Looking Forward to Yesterday

SIMONKOLAWOLELIVE! simon.kolawole@thisdaylive.com, sms: 0805 500 1961

SIMONKOLAWOLELIVE! simon.kolawole@thisdaylive.com, sms: 0805 500 1961

Simon kolawole

Good God, we are madly in love with yesterday, aren’t we? We are always looking forward to yesterday. You know, the good old days. The days when we had three regions and “true” federalism. The days when the regions “competed” with one another, when the Western Region would set up a TV station and the Northern and Eastern Regions would follow suit. The days when one region would build a stadium and the rest would construct theirs. The days when the North stood tall with the groundnut pyramids, when the West was a huge forest of cocoa and when the East swam in palm oil. The days when we ran the parliamentary system and every region self-governed and had a premier.

The good old days when our national anthem was ‘Nigeria, We Hail Thee’. With the speed of light, a law has just been passed by the National Assembly returning us to the old national anthem with immediate effect. We were not even given a transition period to learn or re-learn it — unlike in 1978 when the military government gave us one-month notice. While the serious corners of the world are already living in tomorrow by focussing on artificial intelligence, advanced robotics, cancer vaccines, biotechnology and smart cities, Nigerians are being held hostage to yesterday with meaningless symbolisms. In the absence of good governance, diverting attention is such an easy thing to do.

Many disgusted Nigerians have been asking if the new old anthem would resolve the hunger in the land or put an end to insecurity. I asked a similar question before, but I am no longer interested in pursuing that line of inquiry. I have since realised that even if we do not backslide to the old anthem, there will still be inflation and insecurity. Meanwhile, the old national anthem is “service to Nigeria”, in the words of President Bola Tinubu. It will return Nigeria “to glorious days”, Philip Agbese, a member of the house of reps, said. Senate President Godswill Akpabio, arguably Nigeria’s most prolific sycophant, said it is Tinubu’s “most profound act”. So profound I was moved to tears.

By the way, Nigeria is not the first to tamper with its anthem. Anthems are sometimes changed when something significant happens — independence, “revolution” and such like. South Africa, Burkina Faso, Libya and Zimbabwe, among others, have made fundamental changes to their anthems when entering new eras. There are also minor consequential changes: Britons started singing ‘God Save the King’ when King Charles III succeeded Queen Elizabeth II in 2022 and ‘God Save the Queen’ had to be amended. Nigeria, however, has just done the unusual by reverting to an old anthem. We have not composed a new one to signify a new era; we only did some archaeological work to dig up the past. 

What next? It has been repeatedly suggested that we should change the name “Nigeria”, which was apparently coined from “Niger Area”. Proponents say the name was given to us by foreigners. A critic once said a change was necessary because it was a British journalist and Lord Lugard’s “girlfriend”, Flora Shaw, that christened us. Therefore, the time has come for us to cut off from our colonial past by giving ourselves a new name — although I must regret to add that we have just dumped an anthem composed by full-blooded Nigerians for the one written by a British expatriate in 1960, but never mind. Pre-Independence, we used to sing ‘God Save the Queen’ as British colonial subjects.

The proposed change of name for Nigeria is, I hope, going to launch us into a new age and grow our GDP by a minimum of 10 percent per annum. Chief Mike Ozekhome, a senior lawyer, was ecstatic when we reverted to the old anthem, recalling how he moved the motion at the national conference in 2014. I remember him also saying the country’s name should be changed. He proposed that it should be spelt backwards: “Nigeria” would become “Airegin”. Federal Republic of Airegin, that is. That aligns perfectly with our backward thinking. I would struggle to pronounce “Airegin”, but I also struggled to say “shokolobangoshe” when I was a little boy and I would say I am doing just fine today.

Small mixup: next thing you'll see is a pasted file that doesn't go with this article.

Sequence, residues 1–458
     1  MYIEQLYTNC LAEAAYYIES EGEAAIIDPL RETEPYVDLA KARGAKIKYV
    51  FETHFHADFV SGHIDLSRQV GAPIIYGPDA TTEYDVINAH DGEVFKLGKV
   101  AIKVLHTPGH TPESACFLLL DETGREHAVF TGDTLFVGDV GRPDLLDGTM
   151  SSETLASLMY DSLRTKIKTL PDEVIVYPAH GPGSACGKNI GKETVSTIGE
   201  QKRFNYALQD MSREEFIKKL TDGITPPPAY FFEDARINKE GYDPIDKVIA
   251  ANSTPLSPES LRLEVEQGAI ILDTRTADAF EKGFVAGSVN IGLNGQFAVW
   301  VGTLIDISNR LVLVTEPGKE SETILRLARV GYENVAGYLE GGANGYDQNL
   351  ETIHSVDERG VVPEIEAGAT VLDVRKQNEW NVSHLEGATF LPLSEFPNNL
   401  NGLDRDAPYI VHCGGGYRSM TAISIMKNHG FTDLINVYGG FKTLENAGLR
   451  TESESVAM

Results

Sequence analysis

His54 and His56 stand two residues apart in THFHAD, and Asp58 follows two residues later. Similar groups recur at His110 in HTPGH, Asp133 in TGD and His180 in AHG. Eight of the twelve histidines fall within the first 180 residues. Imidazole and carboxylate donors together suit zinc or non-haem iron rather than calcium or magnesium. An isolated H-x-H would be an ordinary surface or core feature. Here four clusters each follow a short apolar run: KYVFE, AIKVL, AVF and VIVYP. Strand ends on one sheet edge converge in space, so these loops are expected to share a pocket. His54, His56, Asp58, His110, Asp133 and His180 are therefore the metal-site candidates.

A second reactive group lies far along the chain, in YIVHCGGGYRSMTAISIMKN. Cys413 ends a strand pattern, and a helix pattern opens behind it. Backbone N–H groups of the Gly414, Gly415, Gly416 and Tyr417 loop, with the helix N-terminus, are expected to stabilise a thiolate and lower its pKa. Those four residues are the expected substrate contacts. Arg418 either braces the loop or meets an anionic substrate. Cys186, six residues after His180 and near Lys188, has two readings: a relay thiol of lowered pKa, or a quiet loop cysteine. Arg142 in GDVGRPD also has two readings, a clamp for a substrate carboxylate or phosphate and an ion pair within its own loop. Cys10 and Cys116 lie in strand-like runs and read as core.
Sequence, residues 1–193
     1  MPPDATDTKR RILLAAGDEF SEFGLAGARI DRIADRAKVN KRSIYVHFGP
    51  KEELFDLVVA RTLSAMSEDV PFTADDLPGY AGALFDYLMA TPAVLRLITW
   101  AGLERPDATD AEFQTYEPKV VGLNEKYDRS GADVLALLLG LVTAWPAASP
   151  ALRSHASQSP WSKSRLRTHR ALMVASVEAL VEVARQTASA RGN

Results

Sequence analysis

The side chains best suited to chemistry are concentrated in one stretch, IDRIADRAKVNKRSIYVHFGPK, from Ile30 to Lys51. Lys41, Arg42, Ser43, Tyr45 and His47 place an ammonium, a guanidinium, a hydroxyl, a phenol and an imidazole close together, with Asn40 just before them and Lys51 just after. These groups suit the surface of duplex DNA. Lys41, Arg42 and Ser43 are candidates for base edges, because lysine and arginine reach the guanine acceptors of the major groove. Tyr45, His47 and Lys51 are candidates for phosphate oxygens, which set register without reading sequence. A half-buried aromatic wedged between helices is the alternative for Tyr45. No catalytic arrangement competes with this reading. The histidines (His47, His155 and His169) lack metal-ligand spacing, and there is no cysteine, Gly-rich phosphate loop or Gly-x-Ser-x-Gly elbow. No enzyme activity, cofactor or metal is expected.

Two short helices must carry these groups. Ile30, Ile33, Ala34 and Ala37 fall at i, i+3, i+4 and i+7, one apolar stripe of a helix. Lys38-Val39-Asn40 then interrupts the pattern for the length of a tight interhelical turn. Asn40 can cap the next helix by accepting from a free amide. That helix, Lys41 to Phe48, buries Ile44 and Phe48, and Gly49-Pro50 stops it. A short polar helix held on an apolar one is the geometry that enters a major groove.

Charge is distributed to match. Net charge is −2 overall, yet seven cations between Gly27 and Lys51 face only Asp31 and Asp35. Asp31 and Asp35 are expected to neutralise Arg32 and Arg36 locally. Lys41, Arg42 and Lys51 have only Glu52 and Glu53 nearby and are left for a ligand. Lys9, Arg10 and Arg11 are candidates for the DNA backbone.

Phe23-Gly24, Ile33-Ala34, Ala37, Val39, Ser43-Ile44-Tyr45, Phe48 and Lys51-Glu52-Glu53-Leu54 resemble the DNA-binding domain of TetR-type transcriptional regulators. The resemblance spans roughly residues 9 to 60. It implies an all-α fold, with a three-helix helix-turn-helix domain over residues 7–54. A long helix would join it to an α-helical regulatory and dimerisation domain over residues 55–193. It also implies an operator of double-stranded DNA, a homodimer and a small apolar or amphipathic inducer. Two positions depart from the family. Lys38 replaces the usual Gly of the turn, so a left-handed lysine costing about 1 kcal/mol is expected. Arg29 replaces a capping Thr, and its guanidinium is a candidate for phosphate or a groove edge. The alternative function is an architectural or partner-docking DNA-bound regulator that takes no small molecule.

Many countries have changed their names. The Democratic Republic of Congo used to be Zaire. It was a case of “potato, potahto” as Zaire is another name for the Congo river. It was called Republic of the Congo at Independence in 1960, changed to the Democratic Republic of Congo in 1965, rechristened Republic of Zaire in 1971, and (when the strongman Mobutu Sese Seko was overthrown by Laurent Désiré-Kabila in 1997) reverted to DR Congo. In the main, the country has remained poorly governed, riddled by abject poverty and armed conflict — with over six million killed since the last name change. Yet, it is one of the most resource-rich African countries. So much for symbolisms.

What else? I am enthusiastically expecting a bill to change our national currencies to pounds and shillings. I don’t know if it would be the next most profound thing to be done by Tinubu, but, by some logic, when Nigerians were spending pounds, the economy was bubbling, there was no Boko Haram, there were no yahoo boys and there were no potholes on Nigerian roads. The refineries were working efficiently and we never had to import fuel. Bad things started happening when we changed our national currencies to naira and kobo. The solution, according to the logic of the Yesterday Movement, would be to go back to the past. Who knows, we may soon change to left-hand drive.

There is this song by the Carpenters, the former American sibling duo, that I love so much. It is titled ‘Yesterday Once More’. They made the song five decades ago but I still listen to it as if it was released this morning. Old school is something I love when it comes to music, so I can understand the fixation with Nigeria’s past by the nostalgic sections of the political elite. Members of the old order have passed on the received wisdom to their descendants that a return to yesterday is the gateway to our future. I am, thus, not surprised or bemused by the sustained campaign to return Nigeria to the things we used to do in the 1950s and 1960s. Going back to ‘Nigeria We Hail Thee’ is true to type.